Another TF, Eduardo Encina SPH ’21, was recorded saying, “Like honestly, I get it, but I feel like you probably should have said something last week.”
According to a Piazza post obtained by the News, as well as subsequent interviews, multiple students said that while the full recording of the session was originally posted to Canvas, the controversial section of the video was later edited out.
None of the TFs for the class responded to multiple requests for comment.
Multiple students reacted with criticism and action after watching the video. Some said they were going to send the video to Kankel while others lambasted the remarks as unacceptable. In a separate interview with the News, Omer added that “as a Black woman, while I don’t think the [TF] was intentionally meaning to be racist, hearing those comments targeted at me was hurtful.”
On Nov. 5, after students discovered the TF remarks, Breaker sent an email to the class, obtained by the News, saying that he talked to students, TFs and other professors about the events that transpired.
Breaker added that he hopes to achieve the objectives set out for the semester: helping undergraduates understand biochemistry, introducing TFs to the teaching experience in the MCDB Department and forming a community of “students and scholars.”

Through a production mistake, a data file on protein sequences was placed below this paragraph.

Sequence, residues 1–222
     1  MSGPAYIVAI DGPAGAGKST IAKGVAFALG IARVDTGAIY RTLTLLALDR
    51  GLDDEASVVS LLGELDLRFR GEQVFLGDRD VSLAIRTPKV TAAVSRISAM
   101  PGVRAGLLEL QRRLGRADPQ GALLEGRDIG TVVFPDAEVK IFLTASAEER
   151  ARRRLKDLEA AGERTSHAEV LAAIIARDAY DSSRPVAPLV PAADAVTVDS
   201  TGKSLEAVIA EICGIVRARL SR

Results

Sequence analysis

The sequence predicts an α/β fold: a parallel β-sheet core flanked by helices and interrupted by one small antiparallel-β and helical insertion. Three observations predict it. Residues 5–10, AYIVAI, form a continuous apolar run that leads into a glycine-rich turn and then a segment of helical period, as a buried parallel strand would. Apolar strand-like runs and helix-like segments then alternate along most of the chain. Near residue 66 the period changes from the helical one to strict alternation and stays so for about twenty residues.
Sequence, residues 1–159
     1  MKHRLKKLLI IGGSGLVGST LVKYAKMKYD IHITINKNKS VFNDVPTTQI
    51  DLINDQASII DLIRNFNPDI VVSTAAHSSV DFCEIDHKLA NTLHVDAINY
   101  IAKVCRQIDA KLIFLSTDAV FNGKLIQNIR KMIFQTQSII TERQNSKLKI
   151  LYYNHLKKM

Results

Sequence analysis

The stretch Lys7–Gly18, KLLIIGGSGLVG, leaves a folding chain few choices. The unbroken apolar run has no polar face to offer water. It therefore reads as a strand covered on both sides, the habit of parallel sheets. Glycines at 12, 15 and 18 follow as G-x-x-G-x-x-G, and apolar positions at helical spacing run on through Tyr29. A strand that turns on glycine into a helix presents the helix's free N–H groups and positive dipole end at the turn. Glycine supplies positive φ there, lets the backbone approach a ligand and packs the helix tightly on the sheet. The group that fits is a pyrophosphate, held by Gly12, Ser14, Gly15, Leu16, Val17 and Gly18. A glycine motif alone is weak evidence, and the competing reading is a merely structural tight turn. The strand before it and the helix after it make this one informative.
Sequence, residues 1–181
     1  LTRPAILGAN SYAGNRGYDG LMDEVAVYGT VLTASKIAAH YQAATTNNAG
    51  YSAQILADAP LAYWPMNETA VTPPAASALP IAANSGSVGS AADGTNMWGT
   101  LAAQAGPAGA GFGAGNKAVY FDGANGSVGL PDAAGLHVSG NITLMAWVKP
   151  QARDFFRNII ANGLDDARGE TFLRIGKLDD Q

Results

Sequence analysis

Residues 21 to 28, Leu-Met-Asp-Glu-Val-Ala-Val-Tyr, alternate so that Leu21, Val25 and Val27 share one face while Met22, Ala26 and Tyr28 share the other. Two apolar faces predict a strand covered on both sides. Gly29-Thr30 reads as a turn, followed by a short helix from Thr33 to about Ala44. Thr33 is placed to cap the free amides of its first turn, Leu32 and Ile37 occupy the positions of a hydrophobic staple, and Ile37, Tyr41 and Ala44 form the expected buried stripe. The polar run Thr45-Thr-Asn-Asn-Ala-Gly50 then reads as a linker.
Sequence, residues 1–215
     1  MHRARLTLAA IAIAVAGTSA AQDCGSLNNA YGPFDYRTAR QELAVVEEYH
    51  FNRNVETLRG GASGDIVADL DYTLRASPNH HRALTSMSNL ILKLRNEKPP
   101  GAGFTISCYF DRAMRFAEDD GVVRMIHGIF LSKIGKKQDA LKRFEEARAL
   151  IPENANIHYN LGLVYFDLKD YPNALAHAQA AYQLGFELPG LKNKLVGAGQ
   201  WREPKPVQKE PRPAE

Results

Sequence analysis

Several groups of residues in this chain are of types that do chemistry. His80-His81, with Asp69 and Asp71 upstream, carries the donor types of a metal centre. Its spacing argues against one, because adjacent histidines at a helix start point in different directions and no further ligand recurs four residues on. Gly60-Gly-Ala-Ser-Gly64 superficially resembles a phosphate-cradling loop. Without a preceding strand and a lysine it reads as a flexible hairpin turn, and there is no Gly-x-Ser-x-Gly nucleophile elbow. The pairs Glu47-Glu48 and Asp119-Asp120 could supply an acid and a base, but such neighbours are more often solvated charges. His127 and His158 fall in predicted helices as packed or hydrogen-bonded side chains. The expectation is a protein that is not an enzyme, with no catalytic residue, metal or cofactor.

“Please know that this entire class is an educational experience – for the undergraduate enrollees as well as for the TAs,” Breaker wrote. “TAs are more than support staff to course instructors – this is an apprenticeship where they get their initial hands-on experience in teaching. So, your feedback is actually part of the mechanism by which course instructors help guide and shape the TA learning experience.”
According to Yale College Dean Marvin Chun, exam dates and coursework deadlines are at instructors’ sole discretion and can be changed only by them.
“It would be unusual to reschedule an exam stated in the syllabus without significant advance notice,” he added.
Should students find instructors’ or TFs’ comments to be generally insensitive, Chun recommended that they speak directly with an instructor, Dean of Student Engagement Burgwell Howard or Dean of Student Affairs Melanie Boyd to receive guidance or facilitate an informal resolution.
In an email to the News, Tamar Gendler, dean of the Faculty of Arts and Sciences, wrote that faculty, especially those in large courses, need to take into account the needs of “hundreds of students.” She added that instructors worked last week to try to be fair, humane and respectful while maintaining predictability, consistency and rigor.
Ultimately, Breaker did not accept the requests for various class-wide testing accommodations — students took the exam during its originally scheduled slot on Friday morning. In an email to students enrolled in the class, he wrote that “there are many ramifications to changing the original exam schedule, and therefore we will keep the exam date for tomorrow.” Breaker also added that he scheduled an additional review session and was willing to meet individually with students to discuss the issues further.
According to a roster of the class obtained by the News, 139 students are enrolled in “Biochemistry” this semester.